Tuesday, March 22, 2005

A trip to Zambales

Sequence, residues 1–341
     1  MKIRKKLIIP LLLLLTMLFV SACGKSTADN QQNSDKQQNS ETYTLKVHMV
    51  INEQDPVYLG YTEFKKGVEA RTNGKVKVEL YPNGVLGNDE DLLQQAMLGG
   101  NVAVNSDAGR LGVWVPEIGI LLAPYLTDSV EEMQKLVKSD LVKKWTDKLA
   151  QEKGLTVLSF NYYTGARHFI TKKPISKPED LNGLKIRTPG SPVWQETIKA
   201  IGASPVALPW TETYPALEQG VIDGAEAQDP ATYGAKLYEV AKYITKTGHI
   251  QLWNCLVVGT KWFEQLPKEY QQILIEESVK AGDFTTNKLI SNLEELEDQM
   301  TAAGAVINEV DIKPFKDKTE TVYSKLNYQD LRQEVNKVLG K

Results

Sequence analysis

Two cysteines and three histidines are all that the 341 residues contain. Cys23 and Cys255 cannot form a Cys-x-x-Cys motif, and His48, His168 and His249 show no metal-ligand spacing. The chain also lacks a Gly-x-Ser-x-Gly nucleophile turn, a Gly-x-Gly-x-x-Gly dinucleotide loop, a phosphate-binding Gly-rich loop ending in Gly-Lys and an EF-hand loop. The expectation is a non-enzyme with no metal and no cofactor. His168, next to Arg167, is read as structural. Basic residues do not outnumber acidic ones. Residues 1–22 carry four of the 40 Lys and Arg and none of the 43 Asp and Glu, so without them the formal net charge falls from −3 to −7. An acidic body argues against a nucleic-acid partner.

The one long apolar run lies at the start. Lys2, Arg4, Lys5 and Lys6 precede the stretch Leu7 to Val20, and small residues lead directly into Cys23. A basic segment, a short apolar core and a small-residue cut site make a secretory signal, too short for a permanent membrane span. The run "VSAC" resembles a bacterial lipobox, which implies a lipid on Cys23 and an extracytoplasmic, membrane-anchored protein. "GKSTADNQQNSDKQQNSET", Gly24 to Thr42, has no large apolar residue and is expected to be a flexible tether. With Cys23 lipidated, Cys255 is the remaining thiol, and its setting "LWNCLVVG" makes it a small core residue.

Last Friday I went to Zambales. I accompanied my father to Iba, the provincial capital of Zambales, to submit all pertinent documents for the transfer of my Grandmother's land to Dad's name. My Grandmothers land, around six hectares, is located at the outskirts of the town of San Antonio. It is separated from the town and immediately the town's cemetery by a river. I think the river acts as a barrier that prevents people from squatting on the land. For the past years Dad has been making pilgrimages to Zambales to affect the transfer of my Grandmother's land. His efforts seems to have been blocked or laid to waste by the red tape and the problems brought about by disorganised file keeping. The process of getting a new land title seems to have taken on nature of a quest. You have to go a series of obstacles in order to attain your goal. Getting all the documents needed and dealing with a host of civil servants. Do not get me wrong most of them were helpful and amiable but rules are rules and one must get the proper form and papers. Without it you will be doomed to go back and forth the building till you get things right. Anyway, that particular Friday the signs seem to point to a favourable disposition of the case. We had complied with checklist given. We left early to avoid the traffic of Metro Manila. The North Luzon Expressway welcomed us with no long queues at the gateway and what seemed to be a total lack of accidents cluttering the road. And through out the trip smooth travel all the way to the register of deeds office inside the provincial capital building in Iba. No long queues of people at the office. Then it happened. "Sir you are still missing one document" The lady, who checked our documents the last time and gave us the checklist, said we needed to get this form and re-submit it again. According to her we could submit it now but would have to submit the documents within ten working days. So we left the provincial capital building and found our way back to Manila. Needless to say my dad was frustrated about the matter. The time and money spent going to and fro from Manila to Zambales was no joke. I just told him that once we get the particular necessary document we would just send one person to submit it in order to save on cost. My dad cooled down and became retrospective after he had a sandwich on the road and lunch at Subic. In such situations I find that having a meal can soothe an angry head and makes one more reflective about the situation. It worked after a meal of taosi spare ribs, curry squid, goto, fried rice, black gulaman and topped with cold soft drinks. Afterwards we proceeded home. The trip was blessedly uneventful and the traffic sublime. Along the way I bought a couple of plants that I had been searching for as of late. All in our entire trip was not a total loss. First, the trip was uneventful and traffic-free. Second, I got to take some snapshots. Third, all of the people we met were cordial and helpful. They cannot really change the way things work - in an Asterix cartoons, "The Twelve Tasks of Asterix", one task was to get a from the house that makes one mad. Fourth, enjoyed a good lunch at Golden Tea House in Subic. Fifth, I was able to find and buy the plants I was looking for a long time. Fifth, We arrived at our home safe and sound.


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